Tuesday’s Chapel Hill shooting victims were by all reports highly-motivated young adults who greatly contributed to the prosperity and welfare of their North Carolina community.
Initial reports, informed by the victims’ own personal social media accounts, present a picture of Deah Barakat, 23, his wife Yusor Abu-Salha, 21, and her sister Razan Abu-Salha, 19, as hardworking, thoughtful students — celebrating weddings, serving the homeless, and raising funds for refugees driven from their homes by war in the Middle East.
Barakat was a second-year dental student at UNC Chapel Hill, who married Yusor Abu-Salha in December. An American of Syrian descent, he was particularly moved by the plight of victims in Syria’s civil war, and together with a fellow dentistry student he helped raise thousands of dollars for refugees’ dental care.
Since militant atheist Craig Hicks killed the young family in what appears to be a terrorist attack Tuesday, strangers have continued contributing to the fund, in Barakat’s memory.
He was also active on Twitter and Facebook, posting about a charity drive to help Chapel Hill’s homeless:
He also expressed frustration with militant Muslims who think it’s a “solution” to “Kill Jews.”
It’s so freaking sad to hear people saying we should “kill Jews” or “Kill Palestinians”. As if that’s going to solve anything SMH
— Deah Barakat (@arabprodigy30) January 28, 2015
But Barakat was anything but “militant.”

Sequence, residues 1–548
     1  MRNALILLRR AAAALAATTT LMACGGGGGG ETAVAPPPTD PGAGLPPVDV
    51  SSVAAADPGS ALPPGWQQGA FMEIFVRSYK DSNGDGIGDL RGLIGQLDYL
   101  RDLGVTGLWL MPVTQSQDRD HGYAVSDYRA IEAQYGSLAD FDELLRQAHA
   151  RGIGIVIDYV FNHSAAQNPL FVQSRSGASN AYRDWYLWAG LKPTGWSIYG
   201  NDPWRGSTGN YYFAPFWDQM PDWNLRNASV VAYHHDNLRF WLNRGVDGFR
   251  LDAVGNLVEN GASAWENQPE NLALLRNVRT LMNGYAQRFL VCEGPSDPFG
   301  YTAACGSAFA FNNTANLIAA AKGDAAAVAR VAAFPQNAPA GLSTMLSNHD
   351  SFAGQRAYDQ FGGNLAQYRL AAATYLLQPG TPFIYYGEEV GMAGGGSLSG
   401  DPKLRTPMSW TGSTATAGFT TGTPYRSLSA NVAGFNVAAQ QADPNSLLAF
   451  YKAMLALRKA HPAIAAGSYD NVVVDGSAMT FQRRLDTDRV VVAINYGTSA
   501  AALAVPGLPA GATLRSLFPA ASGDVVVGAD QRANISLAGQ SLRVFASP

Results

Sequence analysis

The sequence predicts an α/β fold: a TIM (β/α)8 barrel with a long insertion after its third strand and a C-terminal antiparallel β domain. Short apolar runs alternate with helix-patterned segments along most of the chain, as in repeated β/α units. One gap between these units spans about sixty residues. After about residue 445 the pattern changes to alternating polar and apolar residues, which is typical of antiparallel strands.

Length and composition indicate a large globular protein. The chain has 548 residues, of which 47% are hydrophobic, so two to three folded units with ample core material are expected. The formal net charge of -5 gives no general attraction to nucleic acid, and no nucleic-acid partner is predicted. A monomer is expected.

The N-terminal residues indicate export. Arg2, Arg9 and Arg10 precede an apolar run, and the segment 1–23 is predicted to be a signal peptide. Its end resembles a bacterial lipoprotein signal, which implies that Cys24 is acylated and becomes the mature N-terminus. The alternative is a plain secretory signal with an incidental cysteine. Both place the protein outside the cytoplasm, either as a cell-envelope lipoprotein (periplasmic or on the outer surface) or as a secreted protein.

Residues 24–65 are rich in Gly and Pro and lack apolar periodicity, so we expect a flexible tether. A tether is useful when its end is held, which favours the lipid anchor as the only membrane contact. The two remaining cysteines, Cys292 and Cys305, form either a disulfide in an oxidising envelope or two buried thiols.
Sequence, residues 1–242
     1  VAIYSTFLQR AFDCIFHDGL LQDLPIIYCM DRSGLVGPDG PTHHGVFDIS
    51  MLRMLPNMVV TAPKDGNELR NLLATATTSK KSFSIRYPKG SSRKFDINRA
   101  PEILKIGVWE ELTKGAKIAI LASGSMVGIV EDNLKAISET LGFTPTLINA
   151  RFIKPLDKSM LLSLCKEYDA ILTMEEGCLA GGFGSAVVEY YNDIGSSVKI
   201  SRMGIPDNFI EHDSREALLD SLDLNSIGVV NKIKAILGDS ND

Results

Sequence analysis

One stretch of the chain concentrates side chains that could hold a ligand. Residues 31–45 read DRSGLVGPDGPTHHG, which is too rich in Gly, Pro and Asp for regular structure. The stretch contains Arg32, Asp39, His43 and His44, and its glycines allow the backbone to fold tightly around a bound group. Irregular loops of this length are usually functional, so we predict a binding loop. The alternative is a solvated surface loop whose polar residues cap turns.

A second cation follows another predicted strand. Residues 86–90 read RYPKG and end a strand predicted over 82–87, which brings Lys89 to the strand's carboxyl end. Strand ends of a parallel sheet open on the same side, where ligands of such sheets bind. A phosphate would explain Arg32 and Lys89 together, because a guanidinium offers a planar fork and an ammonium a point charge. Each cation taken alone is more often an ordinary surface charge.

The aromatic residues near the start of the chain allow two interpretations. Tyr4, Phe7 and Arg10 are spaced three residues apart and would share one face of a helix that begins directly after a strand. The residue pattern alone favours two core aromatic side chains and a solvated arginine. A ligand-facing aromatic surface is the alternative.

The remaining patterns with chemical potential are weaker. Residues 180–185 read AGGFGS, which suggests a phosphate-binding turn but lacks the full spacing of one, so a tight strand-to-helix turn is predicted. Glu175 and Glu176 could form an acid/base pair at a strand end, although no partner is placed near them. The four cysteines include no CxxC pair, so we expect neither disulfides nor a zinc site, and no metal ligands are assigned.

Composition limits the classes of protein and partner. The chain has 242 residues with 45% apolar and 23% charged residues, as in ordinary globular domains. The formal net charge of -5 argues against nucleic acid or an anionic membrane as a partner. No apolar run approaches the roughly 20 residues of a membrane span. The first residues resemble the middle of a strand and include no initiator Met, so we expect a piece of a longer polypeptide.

His new bride, Yusor Abu-Salha, was also planning to enroll in dentistry school; she graduated with a biology degree from North Carolina State shortly before the nuptials. She had posted a photo from her wedding to Facebook the day before she died, dancing with her father at the reception.
One North Carolina professor realized, as news broke of their death, that the couple had volunteered at the local library to teach his daughter about dental health.
My god, I just realized that the victims of the terror attack taught my daughter about dentistry at the Chapel Hill Public Library.
— Ryan Shaw (@rybesh) February 11, 2015
Her sister Razan, who lived in the couple’s home, was a 19-year-old NC State undergraduate studying architecture and environmental design. In one photo online, her brother-in-law jokingly described her as “the best third wheel ever.” A web-savvy teenager, she posted comical Vine videos with her friends, making American dance moves to Arab party music.
And she explored her artistic side, posting carefully composed photographs to Facebook.
Their shooter, 46-year-old Craig Hicks, shot them in the head, “execution style,” according to local news. He has been charged with three counts of first-degree murder. He had described himself online as an atheist who opposed all religions, though authorities have yet to confirm any religious connection, referencing instead a “parking dispute.”
Friends of the family have started a Facebook page called “Our Three Winners” which will post updates on the funeral arrangements and other commemorations
The FBI describes “domestic terrorism” as involving illegal “acts dangerous to human life” within the U.S., with intent to intimidate civilians or change government policy.
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